What has arisen out of the Bombay High Court decision in
addition is the question whether there is room for a supervisory
jurisdiction in the English Courts where the seat is not in
England under the provisions of s.2(4) of the English
Arbitration Act.”
“Paragraph 60: If the Supreme Court of India were, in due
course, to consider that the Bombay High Court was wrong in its
conclusion as to the seat of the arbitration or that there was a
prima facie valid arbitration or that the English Court had
concurrent supervisory jurisdiction, it would be a recipe for
confusion and injustice if, in the meantime, the English Court
were to conclude that England was the seat of the putative
arbitration, and to assume jurisdiction over EIL and the
putative arbitration, and to conclude that there was a valid
arbitration agreement, whether on the basis of a good arguable
case or the balance of probabilities. Further, for it to
exercise its powers, whether under s.2(1) or 2(4) or s.18 of the
Arbitration Act in appointing a third arbitrator, would create
real problems, should the Supreme Court decide differently.
Paragraph 61: These are the very circumstances which courts
must strive to avoid in line with a multitude of decisions of
high authority, from the Abidin Daver (1984) AC 398 onwards,
including E.I. Dupont de Nemours v. Agnew [1987] 2 Lloyd’s Rep
585. The underlying rationale of Eder J.’s judgment leads
inexorably, in my view, to the conclusion that the issues to be
determined in India, which could otherwise fall to be determined
here in England, must be decided first by the Indian Courts and
that, despite the delay and difficulties involved, the decision
of the Indian Supreme Court should be awaited.”
30. From 3rd December to 14th December, 2012, the learned counsel
for the parties made efforts to finalize a draft of the Form of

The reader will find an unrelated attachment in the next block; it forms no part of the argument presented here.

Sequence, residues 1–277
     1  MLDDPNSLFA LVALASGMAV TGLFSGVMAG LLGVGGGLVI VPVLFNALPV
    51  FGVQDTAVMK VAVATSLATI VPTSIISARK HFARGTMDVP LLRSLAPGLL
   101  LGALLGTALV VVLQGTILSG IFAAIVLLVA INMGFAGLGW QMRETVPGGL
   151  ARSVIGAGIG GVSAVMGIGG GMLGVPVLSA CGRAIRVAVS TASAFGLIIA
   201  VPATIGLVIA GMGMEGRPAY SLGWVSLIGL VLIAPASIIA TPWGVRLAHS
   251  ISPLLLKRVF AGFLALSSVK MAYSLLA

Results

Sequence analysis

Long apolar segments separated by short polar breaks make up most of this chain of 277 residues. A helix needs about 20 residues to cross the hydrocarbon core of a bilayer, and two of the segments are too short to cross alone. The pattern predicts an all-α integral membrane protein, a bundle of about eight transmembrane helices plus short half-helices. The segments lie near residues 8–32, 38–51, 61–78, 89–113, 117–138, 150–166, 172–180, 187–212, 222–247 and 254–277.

Order and the accompanying undertaking(s) to be submitted to the
English High Court; and ultimately, parties agreed to a short
hearing before the English High Court. After a hearing, on 19th
December, 2012 the parties again made efforts to finalize the Form
of Order. Ultimately on 15th February, 2013, the English High
Court passed an order declaring that the undertakings given on
27th March, 2012 (dealt with earlier in Para 25 of this judgment)
do not prevent the defendant (Appellant herein) from filing and
pursuing the Special Leave Petitions and, if leave be granted, the
Substantive Appeals. The English High Court further ordered the
Appellant No.1 herein to give some fresh undertaking which will
supersede and replace the undertakings given earlier on 27th
March, 2012. These undertakings restrain the Appellants herein
from seeking an injunction against the Respondents save if this
Court determines that the seat of the arbitration is in India. It
was further directed that the Appellants shall not seek an
injunction restraining the Respondents from pursuing proceedings
instituted in the English High Court against the Appellant on
various grounds enumerated in the said undertakings.

31. Thereafter in February, 2013, the order/judgment
dated 5th October, 2012 passed by the Bombay High Court was
challenged in this court by way of present appeals.

Submissions:
32. We have heard the learned senior counsel for the parties.

I. Re: Concluded Contract:
33. The first submission of Mr. Rohinton Nariman is that there can be
no arbitration agreement in the absence of a concluded contract.
It was submitted that IPLA is not a concluded contract since it is
not in consonance with the Agreed Principles. It was submitted
that the parties merely entered into the ‘Agreed Principles’